Appearances on other albums
"Dream On" was one of the band's biggest hits of their career and the highest charting single for them in the 1970s. Consequently, the song appears on almost every Aerosmith greatest hits and live compilation, including Live! Bootleg, Greatest Hits, Classics Live I, A Little South of Sanity, Young Lust: The Aerosmith Anthology, O, Yeah! The Ultimate Aerosmith Hits, Rockin' the Joint, Devil's Got a New Disguise, and both of the band's box sets.

Achievements
The song "Dream On" is part of the The Rock and Roll Hall of Fame's 500 Songs that Shaped Rock and Roll list.[1] It is also ranked #172 on Rolling Stone's list of the 500 Greatest Songs of All Time. It frequently rivals "Sweet Emotion" and "Walk This Way" for the title of Aerosmith's signature song.

Samples and covers
The song was sampled by rap artist Eminem for his song "Sing for the Moment" from his 2002 album The Eminem Show. Joe Perry also played the guitar solo on the track. The song was re-made by Andru Donalds as the cover song for their album of the same name. It has been covered by Ronnie James Dio (vocals) with Yngwie Malmsteen.

"Dream On" was recently covered by Razor and Tie recording artist Kelly Sweet. It is available on both her self-titled EP and her full length album We Are One.

"Dream On" has also been covered live by Tori Amos, and is included on "The Official Bootlegs" album recorded at the Bank of America Pavilion in Boston, Massachusetts on August 21, 2005.

"Dream On" has been covered by Bermuda Triangle Band on their 1977 "Bermuda Triangle" album on Winter Solstice Records and on the 2006 reissue of that album.

"Dream On" was also covered by Enigma on their 2000 album named "Dream On".

"Dream On" was covered by The Mission on their album "Children"

"Dream On" was also covered by Fisher on their "Uppers & Downers" dual-disc album. The cover version performed by Fisher was featured in the series-finale episode of NBC drama Windfall.

The song was also sampled by rap artist The Game for his song "Never Be Friends" off of a mixtape by the Nu Jerzey Devil. Michael Angelo Batio also covered this song in his album Hands Without Shadows.

In other media
This song was used in Buick's commercials, corresponding with their slogan, "Dream Up".
This song was also used in ESPN SportsCenter's "Images of the Century", a video montage about memorable moments in sports history from the 20th century. The video montage was heavily played on ESPN in the days leading up to January 1, 2000.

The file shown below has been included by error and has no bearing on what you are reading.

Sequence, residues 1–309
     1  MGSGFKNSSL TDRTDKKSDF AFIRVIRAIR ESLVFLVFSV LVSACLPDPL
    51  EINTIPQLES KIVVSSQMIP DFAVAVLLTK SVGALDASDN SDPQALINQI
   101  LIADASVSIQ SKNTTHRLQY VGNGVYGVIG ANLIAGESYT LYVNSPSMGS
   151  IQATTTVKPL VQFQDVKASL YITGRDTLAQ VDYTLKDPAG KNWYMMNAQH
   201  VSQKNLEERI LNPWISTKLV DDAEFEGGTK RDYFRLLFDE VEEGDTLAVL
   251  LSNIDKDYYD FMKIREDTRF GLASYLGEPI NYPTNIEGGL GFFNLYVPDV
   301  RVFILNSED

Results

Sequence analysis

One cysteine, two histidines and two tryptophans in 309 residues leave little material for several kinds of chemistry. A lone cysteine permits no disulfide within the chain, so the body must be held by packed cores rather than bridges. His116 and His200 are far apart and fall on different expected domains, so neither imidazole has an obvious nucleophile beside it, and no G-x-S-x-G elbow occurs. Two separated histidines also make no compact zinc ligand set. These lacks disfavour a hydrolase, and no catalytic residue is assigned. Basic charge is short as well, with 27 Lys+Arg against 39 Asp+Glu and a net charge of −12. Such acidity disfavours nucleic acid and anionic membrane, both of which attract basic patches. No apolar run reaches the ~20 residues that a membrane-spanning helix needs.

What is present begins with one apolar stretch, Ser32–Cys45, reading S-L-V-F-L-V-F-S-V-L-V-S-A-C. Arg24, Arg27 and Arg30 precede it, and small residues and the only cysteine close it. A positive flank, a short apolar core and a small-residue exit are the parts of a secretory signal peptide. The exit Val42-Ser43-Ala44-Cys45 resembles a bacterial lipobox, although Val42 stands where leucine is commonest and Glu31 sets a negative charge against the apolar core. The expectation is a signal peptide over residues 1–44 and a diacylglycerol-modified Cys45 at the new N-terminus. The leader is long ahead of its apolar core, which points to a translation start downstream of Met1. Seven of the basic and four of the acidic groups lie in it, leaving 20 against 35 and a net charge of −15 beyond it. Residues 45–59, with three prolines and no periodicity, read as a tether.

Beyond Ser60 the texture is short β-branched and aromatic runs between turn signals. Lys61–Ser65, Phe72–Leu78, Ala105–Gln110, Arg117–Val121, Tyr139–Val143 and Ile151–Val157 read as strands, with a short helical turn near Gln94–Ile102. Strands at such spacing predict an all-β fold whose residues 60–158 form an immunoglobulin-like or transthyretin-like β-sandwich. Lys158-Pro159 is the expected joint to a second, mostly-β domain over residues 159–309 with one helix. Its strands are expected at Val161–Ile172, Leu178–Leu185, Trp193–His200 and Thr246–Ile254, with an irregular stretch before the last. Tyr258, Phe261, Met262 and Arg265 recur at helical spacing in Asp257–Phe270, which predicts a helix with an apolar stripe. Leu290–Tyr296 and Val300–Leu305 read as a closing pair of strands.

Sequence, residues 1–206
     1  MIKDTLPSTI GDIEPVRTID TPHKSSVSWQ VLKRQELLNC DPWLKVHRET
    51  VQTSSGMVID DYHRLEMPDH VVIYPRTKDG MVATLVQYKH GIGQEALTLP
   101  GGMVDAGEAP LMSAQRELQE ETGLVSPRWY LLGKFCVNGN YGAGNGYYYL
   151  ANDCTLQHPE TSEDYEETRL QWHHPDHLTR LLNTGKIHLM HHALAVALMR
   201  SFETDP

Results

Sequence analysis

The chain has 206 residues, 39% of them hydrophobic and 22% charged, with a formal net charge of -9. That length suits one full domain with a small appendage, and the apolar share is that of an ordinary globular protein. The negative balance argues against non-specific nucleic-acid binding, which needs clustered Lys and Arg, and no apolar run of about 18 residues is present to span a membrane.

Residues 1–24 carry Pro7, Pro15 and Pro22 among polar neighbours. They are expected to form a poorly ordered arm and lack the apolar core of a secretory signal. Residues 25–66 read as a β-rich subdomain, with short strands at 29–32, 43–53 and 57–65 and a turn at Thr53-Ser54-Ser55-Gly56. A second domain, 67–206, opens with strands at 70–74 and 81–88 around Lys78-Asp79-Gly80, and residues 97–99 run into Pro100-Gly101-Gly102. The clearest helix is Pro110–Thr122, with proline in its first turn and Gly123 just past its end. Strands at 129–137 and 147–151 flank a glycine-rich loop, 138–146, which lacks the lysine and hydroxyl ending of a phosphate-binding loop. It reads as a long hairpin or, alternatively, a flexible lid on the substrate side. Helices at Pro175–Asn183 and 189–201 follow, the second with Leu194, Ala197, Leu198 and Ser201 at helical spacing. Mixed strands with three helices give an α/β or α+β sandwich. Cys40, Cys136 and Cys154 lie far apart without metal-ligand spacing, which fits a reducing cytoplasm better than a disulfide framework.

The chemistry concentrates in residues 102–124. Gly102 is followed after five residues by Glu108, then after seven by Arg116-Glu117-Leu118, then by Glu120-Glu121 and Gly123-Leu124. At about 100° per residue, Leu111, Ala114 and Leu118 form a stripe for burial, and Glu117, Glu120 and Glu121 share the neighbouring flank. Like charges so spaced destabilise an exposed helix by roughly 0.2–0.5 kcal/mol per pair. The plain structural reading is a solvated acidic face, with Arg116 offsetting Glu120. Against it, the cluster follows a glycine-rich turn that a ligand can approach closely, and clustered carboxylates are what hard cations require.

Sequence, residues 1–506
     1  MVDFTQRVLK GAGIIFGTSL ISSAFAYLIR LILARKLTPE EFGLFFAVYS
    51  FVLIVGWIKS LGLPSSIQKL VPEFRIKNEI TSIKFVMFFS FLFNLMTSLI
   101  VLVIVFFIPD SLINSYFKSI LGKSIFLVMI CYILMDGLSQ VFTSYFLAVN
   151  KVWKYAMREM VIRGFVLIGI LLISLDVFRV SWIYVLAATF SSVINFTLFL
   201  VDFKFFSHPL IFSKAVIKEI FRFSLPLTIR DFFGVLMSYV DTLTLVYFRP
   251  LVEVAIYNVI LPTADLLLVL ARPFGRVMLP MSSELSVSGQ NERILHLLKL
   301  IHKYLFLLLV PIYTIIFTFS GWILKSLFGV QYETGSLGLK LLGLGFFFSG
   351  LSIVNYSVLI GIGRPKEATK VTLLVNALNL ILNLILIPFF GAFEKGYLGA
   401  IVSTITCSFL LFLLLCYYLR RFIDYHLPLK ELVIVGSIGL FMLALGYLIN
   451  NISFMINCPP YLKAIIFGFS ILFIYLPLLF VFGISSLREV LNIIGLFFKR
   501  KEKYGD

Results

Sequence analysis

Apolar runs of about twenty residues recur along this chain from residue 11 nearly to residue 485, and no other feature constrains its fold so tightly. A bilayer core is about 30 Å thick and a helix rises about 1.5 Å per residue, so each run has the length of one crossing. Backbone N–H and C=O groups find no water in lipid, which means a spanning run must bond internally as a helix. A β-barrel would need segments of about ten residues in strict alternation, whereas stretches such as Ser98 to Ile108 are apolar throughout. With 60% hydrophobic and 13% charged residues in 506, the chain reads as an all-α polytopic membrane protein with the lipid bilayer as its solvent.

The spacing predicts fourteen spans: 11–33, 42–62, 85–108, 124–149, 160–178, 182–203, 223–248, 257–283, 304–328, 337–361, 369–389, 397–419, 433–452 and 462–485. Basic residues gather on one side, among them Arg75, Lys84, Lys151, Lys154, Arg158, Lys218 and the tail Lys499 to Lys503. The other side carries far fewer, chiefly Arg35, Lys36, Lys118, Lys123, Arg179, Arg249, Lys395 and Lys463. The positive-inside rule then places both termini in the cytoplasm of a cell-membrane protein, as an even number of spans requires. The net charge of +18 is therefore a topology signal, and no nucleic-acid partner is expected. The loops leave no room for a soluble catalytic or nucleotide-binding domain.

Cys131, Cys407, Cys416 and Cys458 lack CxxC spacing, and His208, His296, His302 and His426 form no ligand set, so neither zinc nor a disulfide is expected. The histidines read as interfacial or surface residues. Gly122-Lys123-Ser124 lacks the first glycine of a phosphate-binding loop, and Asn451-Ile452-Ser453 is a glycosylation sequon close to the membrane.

The song made an appearance as the closing theme to the Disney movie Miracle, and was also used in the closing credits of the movie Last Action Hero.
It was used in the opening cut scene for the Tecmo video game Dead or Alive Ultimate.
It is sampled in Boulevard of Broken Songs in the mash-up album American Edit.
It was used in a video tribute to Ken Griffey Jr. in his return to Seattle on June 22, 2007.
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troublepink
post 5th February 2008, 02:06 PM
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Same Old Song And Dance

"Same Old Song and Dance" is a song by American hard rock band Aerosmith. The song was written by lead singer Steven Tyler and guitarist Joe Perry. It was released in 1974 on the band's second album Get Your Wings. Although it didn't make an impact on the charts, it has remained a staple on most rock radio stations and in the band's setlist.

Song structure
The song was built around a riff that Joe Perry came up with while sitting on his amp. Steven Tyler quickly came up with the lyrics. The song's lyrics are sung in sync with the main riff in the song. Additionally, the song is known for its upbeat rhythm and the dueling guitars by Joe Perry and Brad Whitford, along with interspersed horns.

Live in concert
The song has remained a fan favorite and a staple in the band's live shows. The band often does an extended jam during the song live in concert, often resulting in the song going two minutes over the song's original running time. This extended jam at the end of a song is used as a showcase for Tom Hamilton. Steven Tyler is also known to do his trademark scat singing during these jams.

On other albums
"Same Old Song and Dance" has been featured on numerous Aerosmith compilatons including Greatest Hits (1980) (where 52 seconds of the song are edited out), Pandora's Box (1991), O, Yeah! The Ultimate Aerosmith Hits (2002), and Greatest Hits 1973-1988 (2004). The song can also be found on the live albums Classics Live II (1987), A Little South of Sanity (1998) and Rockin' the Joint (2005), as well as on the live DVD You Gotta Move (2004).

In other media
The song is a playable track in the video game, Guitar Hero III: Legends of Rock as a Master Track.
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troublepink
post 5th February 2008, 02:08 PM
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Train Kept A-Rollin'